Decide whether to accept the move based on the Metropolis criterion:
if ΔU < 0, then accept the new configuration,
⎛ ΔU ⎞
if ΔU > 0, then calculate W = exp ⎜ −         ⎟
⎝    kT ⎠
draw a random number R from 0 to 1
if W > R then accept the new configuration, otherwise, keep the old one

Accumulate sums for averages (if atom is retained at its old position, the
old configuration is recounted as a new state).
Pick the next particle…

3. If # of MC cycles is < then maximum # of cycles, Go back to step 2.

University of Virginia, MSE 4270/6270: Introduction to Atomistic Simulations, Leonid Zhigilei
Metropolis Monte Carlo algorithm: implementation

Choosing the maximum allowed displacement (size of the trail move) dmax:

if dmax is too small then a large fraction of moves is accepted but the phase space is
sampled slowly (consecutive states are highly correlated).

if dmax is too large then most of the trail moves is rejected and there is little
movement through the phase space.

Usually dmax is chosen so that ~ 50% of the trail moves is accepted.

Trail moves:
We did not make any assumptions regarding the nature of the trail moves. Trails must
ensure that all relevant elements of ensemble are sampled.
Depending on the nature of the simulated system we can displace atoms or molecules,
rotate molecules or parts of molecules, move many particles at once, rescale positions of
particle to change volume, add/remove particles… Significant increase in efficiency of
algorithm can be achieved by the introduction of clever trail moves.
Any given probability distribution can be sampled in different ways, using different
strategies to sample configurational space.

University of Virginia, MSE 4270/6270: Introduction to Atomistic Simulations, Leonid Zhigilei
Metropolis Monte Carlo algorithm: Method for finding the equilibrium state

Energy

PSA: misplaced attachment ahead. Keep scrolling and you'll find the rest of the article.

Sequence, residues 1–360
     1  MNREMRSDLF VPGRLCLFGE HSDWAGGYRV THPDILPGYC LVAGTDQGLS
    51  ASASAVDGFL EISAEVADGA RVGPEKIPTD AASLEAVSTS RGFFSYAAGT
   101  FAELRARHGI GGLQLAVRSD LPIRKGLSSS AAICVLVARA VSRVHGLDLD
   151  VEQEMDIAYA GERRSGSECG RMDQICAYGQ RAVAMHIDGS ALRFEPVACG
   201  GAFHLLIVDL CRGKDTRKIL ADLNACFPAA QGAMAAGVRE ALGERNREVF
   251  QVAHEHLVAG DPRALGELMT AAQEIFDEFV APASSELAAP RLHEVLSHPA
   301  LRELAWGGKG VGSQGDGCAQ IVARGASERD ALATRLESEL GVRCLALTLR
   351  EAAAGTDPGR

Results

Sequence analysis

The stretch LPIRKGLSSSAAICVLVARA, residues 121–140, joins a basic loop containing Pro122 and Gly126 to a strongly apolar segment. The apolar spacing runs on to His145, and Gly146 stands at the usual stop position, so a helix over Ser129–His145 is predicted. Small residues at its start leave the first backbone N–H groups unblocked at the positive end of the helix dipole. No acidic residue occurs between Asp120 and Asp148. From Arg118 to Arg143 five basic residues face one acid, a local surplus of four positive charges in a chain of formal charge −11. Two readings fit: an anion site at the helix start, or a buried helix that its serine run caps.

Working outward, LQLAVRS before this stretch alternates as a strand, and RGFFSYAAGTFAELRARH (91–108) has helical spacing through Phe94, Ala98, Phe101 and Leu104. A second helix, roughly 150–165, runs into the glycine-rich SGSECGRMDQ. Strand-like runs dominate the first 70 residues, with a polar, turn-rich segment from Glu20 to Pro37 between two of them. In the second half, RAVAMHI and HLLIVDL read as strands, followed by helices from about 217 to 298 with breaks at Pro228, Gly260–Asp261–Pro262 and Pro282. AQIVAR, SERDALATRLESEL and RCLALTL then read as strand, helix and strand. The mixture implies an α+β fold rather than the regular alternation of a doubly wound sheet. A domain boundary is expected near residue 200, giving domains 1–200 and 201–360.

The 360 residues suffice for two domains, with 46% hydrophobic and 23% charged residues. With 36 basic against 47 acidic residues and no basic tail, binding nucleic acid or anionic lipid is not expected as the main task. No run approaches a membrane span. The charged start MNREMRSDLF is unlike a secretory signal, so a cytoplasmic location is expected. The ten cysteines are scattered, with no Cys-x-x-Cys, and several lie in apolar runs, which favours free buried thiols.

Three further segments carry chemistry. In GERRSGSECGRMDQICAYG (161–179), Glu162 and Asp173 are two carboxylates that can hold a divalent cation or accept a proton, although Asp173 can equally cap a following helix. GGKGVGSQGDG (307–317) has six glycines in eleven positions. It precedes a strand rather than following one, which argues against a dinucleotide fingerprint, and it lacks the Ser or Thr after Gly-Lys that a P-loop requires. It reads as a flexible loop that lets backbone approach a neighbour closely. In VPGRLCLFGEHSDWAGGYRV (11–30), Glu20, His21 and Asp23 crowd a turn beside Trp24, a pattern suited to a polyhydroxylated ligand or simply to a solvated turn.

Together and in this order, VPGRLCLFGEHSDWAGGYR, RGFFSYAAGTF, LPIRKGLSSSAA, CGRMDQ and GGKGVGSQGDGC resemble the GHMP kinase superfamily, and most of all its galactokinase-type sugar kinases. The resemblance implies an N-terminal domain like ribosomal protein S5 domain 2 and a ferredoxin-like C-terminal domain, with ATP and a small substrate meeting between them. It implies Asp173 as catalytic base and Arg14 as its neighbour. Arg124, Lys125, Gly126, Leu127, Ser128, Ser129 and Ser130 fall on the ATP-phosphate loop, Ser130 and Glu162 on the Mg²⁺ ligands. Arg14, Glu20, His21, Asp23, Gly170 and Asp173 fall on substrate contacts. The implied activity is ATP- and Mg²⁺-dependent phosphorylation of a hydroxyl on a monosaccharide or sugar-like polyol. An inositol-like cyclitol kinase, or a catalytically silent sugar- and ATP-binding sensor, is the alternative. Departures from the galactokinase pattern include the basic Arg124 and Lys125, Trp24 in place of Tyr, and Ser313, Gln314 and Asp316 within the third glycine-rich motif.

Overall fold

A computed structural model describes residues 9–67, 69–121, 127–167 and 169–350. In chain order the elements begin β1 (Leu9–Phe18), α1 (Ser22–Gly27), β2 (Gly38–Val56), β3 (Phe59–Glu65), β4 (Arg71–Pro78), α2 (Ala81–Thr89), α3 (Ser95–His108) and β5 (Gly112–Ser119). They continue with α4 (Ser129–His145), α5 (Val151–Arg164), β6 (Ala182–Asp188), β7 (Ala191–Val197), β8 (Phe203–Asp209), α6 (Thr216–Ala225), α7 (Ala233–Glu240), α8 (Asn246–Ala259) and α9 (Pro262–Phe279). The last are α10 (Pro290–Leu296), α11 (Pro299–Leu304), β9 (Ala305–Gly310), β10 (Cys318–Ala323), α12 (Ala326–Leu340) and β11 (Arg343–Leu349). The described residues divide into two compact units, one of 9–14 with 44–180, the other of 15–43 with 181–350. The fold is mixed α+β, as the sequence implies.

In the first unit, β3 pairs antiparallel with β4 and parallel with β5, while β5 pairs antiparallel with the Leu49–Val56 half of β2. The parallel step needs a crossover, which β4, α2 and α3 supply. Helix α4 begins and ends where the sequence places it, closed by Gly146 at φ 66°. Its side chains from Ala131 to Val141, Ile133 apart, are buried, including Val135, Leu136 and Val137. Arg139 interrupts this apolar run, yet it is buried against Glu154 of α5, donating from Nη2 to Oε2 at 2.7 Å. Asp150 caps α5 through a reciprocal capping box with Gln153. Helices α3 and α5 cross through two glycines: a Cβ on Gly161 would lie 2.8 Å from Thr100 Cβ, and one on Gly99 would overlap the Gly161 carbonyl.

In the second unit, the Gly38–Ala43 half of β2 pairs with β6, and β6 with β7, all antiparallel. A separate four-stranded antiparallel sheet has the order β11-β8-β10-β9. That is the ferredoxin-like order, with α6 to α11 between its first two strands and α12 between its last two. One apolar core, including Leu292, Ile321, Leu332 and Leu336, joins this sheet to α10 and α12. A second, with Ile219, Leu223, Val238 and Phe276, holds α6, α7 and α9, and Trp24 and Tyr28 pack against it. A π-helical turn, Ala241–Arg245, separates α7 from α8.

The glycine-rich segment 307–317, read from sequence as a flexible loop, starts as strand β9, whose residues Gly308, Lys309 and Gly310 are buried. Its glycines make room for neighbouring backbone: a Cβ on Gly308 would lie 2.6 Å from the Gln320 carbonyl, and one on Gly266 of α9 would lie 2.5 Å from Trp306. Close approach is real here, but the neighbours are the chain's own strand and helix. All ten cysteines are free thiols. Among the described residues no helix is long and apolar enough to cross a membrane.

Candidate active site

Generalized coordinate

What if we start our simulation away from the equilibrium (in a region of the
configurational space that is unlikely to be sampled at equilibrium)?

The random walk in MC should bring us to the equilibrium.

We can use this method to find equilibrium structure and composition!

University of Virginia, MSE 4270/6270: Introduction to Atomistic Simulations, Leonid Zhigilei
Metropolis Monte Carlo: Examples
surface layer

second layer

Oscillatory surface segregation of Si-Ge alloys Kelires & Tersoff, Phys. Rev. Lett. 63, 1164, 1989.
Two types of Monte Carlo moves – small atomic displacements and interchange of atom type are
used to investigate surface segregation vs temperature in Si-Ge alloys.

X                                                 X

student from Penn State University,                                                             50                                                50

Metropolis Monte Carlo simulations of

Z
40                                                40
Z

the compositional ordering in Si-Ge                                                             30                                                30

clusters.                                              30                                  30            30                                  30

40                        40                      40                        40
Y                                                 Y                          X
50              50   X                            50              50

60   60                                           60   60

Si - blue, Ge - red
initial                                           final
University of Virginia, MSE 4270/6270: Introduction to Atomistic Simulations, Leonid Zhigilei
Lattice Monte Carlo. Ising Model.
Models in which particles belong to the lattice sites and interact locally can be a good
representation of a number of real systems (magnetic materials, binary alloys, etc.). There are
several modifications of lattice MC:

In the original Ising model the internal energy of a system (e.g. magnetic material) is calculated
as the sum of pair interaction energies between the atoms or molecules, which are attached to the
nodes of a regular lattice. In terms of magnetic material, we have a discrete set of degrees of
freedom interacting with each other and an external magnetic field. The spin variable Si is